Targeting cookies may be set through our site by our advertising partners. They may be used by those companies to build a profile of your interests and show you relevant adverts on other sites. They do not store directly personal information, but are based on uniquely identifying your browser and internet device. If you do not allow these cookies, you will experience less targeted advertising.

Social media cookies are set by a range of social media services that we have added to the site to enable you to share our content with your friends and networks. They are capable of tracking your browser across other sites and building up a profile of your interests. This may impact the content and messages you see on other websites you visit. If you do not allow these cookies you may not be able to use or see these sharing tools.

If you want to opt out of all of our lead reports and lists, please submit a privacy request at our Do Not Sell page.

Save Settings
Cookie Preferences Cookie List

Cookie List

A cookie is a small piece of data (text file) that a website – when visited by a user – asks your browser to store on your device in order to remember information about you, such as your language preference or login information. Those cookies are set by us and called first-party cookies. We also use third-party cookies – which are cookies from a domain different than the domain of the website you are visiting – for our advertising and marketing efforts. More specifically, we use cookies and other tracking technologies for the following purposes:

Strictly Necessary Cookies

We do not allow you to opt-out of our certain cookies, as they are necessary to ensure the proper functioning of our website (such as prompting our cookie banner and remembering your privacy choices) and/or to monitor site performance. These cookies are not used in a way that constitutes a “sale” of your data under the CCPA. You can set your browser to block or alert you about these cookies, but some parts of the site will not work as intended if you do so. You can usually find these settings in the Options or Preferences menu of your browser. Visit www.allaboutcookies.org to learn more.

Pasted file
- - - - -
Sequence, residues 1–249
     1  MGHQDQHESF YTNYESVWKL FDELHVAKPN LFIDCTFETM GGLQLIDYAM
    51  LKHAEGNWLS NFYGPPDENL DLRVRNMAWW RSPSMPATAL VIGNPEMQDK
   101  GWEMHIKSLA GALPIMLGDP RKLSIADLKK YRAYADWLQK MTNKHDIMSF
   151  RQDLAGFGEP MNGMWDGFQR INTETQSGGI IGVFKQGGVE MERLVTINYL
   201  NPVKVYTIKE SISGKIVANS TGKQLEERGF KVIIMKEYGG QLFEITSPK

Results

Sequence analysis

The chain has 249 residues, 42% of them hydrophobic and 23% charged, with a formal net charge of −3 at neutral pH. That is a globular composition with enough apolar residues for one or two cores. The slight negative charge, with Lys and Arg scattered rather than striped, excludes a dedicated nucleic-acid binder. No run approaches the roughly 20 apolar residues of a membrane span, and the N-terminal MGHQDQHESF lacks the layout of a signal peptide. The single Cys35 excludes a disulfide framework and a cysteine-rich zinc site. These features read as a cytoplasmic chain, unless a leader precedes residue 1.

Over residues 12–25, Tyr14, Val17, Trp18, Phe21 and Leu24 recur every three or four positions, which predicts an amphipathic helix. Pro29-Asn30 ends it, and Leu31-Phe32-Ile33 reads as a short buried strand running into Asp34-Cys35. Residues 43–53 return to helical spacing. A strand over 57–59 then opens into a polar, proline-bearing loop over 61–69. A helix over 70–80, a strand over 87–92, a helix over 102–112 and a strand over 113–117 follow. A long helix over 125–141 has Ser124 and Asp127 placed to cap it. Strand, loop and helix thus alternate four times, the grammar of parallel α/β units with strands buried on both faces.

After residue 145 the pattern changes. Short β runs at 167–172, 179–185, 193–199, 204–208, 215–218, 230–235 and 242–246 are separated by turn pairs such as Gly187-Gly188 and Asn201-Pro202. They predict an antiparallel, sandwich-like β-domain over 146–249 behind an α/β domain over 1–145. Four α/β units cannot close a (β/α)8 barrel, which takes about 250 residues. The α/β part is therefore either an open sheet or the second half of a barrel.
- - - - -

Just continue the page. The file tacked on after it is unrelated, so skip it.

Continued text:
Functional Cookies

We do not allow you to opt-out of our certain cookies, as they are necessary to ensure the proper functioning of our website (such as prompting our cookie banner and remembering your privacy choices) and/or to monitor site performance. These cookies are not used in a way that constitutes a “sale” of your data under the CCPA. You can set your browser to block or alert you about these cookies, but some parts of the site will not work as intended if you do so. You can usually find these settings in the Options or Preferences menu of your browser. Visit www.allaboutcookies.org to learn more.